- File photo by Chris Baird
- N.C. State’s Rodney Purvis
“Ill always remember those who were there for me thru thick and thin. Which is a short list.”
— @rpurvis_0, 11:34 p.m., Jan. 7, 2013
As the N.C. State Wolfpack embark on ACC play, the question remains how the Wolfpack can morph from late-season upstarts into the nationally ranked contenders that many foresaw before this campaign. Fourteen games into the season, the roles for the team’s regulars are largely defined: Scott Wood is the sharpshooter; Lorenzo Brown is the playmaking distributor; Richard Howell is the tenacious rebounder; C.J. Leslie, the team’s leading scorer, remains the mercurial straw that stirs the Pack. And freshman T.J. Warren has more than replaced C.J. Williams as a reliable converter around the basket, on the break and occasionally behind the arc.
When all these disparate parts are clicking, N.C. State can be one of the most dynamic teams in the country. But when Wood’s shot isn’t falling, or Brown’s playing olé defense, or Howell’s in foul trouble, or Warren’s getting outmuscled in the paint, or Leslie is being, well, Calvin, this Wolfpack looks rather toothless.
The X factor in this rotational equation remains a ballyhooed freshman, a local whose path to stardom is thus far as circuitous as his journey to PNC Arena. Rodney Purvis was one of the most sought-after recruits coming out of high school, a McDonald’s All-American considered the best prep player in North Carolina and one of highest ranked in the nation. After initially committing to Louisville, Purvis reopened his college selection process before eventually choosing to attend N.C. State and become head coach Mark Gottfried’s highest profile recruit since arriving in Raleigh.
Purvis’ Wolfpack debut was a heady one, a 16-point outing against Miami (Ohio) that he would repeat three games later during his team’s otherwise putrid performance against Oklahoma State. But a poor showing against UNC-Asheville coupled with Warren’s eye-opening early season play saw the freshmen swap lineup spots for the next two key games against Michigan and Connecticut, with Warren getting the starting nod and Purvis coming off the bench. Warren’s own subpar play against UConn led Gottfried to flip their roles once again, and Purvis has started every game since.
The self-assured blue-chipper is one of the most affable and garrulous presences in the N.C. State locker room. Still, much of the nonconference season was spent waiting for Purvis to find his niche on the court. After four straight games scoring under 10 points, Purvis set a new career high last Saturday at Boston College, netting 19 points off 7-10 shooting to lead his team to an ACC-opening road win.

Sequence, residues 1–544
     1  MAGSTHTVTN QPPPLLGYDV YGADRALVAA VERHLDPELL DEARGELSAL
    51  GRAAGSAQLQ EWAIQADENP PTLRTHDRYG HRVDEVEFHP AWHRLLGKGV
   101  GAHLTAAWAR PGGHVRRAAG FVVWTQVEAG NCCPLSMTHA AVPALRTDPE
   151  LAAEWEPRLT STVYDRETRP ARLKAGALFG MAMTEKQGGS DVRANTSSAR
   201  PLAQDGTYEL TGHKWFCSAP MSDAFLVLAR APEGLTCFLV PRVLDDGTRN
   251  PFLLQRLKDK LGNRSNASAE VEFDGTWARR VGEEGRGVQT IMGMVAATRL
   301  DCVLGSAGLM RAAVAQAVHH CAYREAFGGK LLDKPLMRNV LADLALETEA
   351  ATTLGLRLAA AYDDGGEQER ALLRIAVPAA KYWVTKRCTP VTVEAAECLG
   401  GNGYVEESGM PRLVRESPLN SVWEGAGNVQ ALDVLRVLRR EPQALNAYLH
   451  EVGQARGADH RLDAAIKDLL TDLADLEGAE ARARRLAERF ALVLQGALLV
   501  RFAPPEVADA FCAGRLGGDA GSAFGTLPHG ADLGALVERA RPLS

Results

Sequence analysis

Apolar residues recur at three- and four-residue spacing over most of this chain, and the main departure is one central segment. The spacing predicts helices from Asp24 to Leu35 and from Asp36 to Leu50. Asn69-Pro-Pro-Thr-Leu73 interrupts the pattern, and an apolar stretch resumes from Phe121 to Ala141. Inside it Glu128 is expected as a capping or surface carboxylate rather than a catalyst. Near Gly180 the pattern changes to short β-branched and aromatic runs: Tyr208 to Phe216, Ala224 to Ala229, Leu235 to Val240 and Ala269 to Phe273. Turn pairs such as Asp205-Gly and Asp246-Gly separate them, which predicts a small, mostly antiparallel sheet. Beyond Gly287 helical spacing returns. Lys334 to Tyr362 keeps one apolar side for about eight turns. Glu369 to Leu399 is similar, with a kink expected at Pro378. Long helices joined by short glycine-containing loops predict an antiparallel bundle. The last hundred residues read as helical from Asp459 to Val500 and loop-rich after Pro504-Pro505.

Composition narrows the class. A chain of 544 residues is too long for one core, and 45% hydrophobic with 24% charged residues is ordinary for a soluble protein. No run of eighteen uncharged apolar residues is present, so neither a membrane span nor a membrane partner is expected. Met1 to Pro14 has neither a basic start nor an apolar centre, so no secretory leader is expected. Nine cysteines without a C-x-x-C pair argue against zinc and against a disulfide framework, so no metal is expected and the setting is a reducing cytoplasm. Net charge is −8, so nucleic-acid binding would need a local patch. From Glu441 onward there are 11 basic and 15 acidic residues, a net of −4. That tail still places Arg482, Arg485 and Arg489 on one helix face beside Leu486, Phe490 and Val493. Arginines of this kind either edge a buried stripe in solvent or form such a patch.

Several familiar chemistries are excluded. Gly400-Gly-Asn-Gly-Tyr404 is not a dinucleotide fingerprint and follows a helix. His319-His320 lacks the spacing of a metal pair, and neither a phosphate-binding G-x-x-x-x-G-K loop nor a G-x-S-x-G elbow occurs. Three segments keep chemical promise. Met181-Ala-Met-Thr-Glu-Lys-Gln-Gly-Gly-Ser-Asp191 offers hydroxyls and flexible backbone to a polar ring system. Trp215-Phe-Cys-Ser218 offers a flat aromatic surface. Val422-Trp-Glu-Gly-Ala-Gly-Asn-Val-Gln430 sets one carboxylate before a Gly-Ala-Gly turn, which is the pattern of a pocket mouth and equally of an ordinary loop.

Saturday was the sort of output Purvis will need to build from in order to quell some early season statistical woes. Of those six Wolfpack players averaging more than 25 minutes per game (Purvis ranks fourth in playing time), Purvis is last in points per game, field goal percentage and rebounds. While each of the other five regulars have at least 10 double-digit scoring games, Purvis has notched just six. Only Warren has a lower free throw percentage, and only Wood has fewer steals. Although Purvis is a distant second to Brown in total assists, only Leslie has a worse assist-to-turnover ratio.
Purvis has the enviable ability to create his own shot, whether to uncork a mid-range jumper or slash to the basket for a running floater. His decision-making on the break—the lynchpin to Gottfried’s offensive scheme—has improved. But Purvis’ ultimate fortunes will change only in correlation to his shooting percentage, currently just under 45 percent.
Purvis acknowledged his adjustment period following the Dec. 31 win over UNC-Greensboro when I asked him whether his shot was ready for conference play.
“[Assistant] coach Rob Moxley, he spends a lot of time with me shooting, and we’ll do a partner shooting drill,” Purvis explained. “He deserves a lot of credit for me being ready to shoot the ball. That’s where [my trouble] normally comes from, not being ready to shoot it.”
The fairness of heaping such great expectations on the head of a freshman is a quaint (and perhaps antiquated) notion in college basketball’s one-and-done reality. Nevertheless, the equal reality for N.C. State is that Purvis’ production may prove the difference between winning in December and winning in March … and maybe even April. Until then, here’s hoping his short list gets longer every day.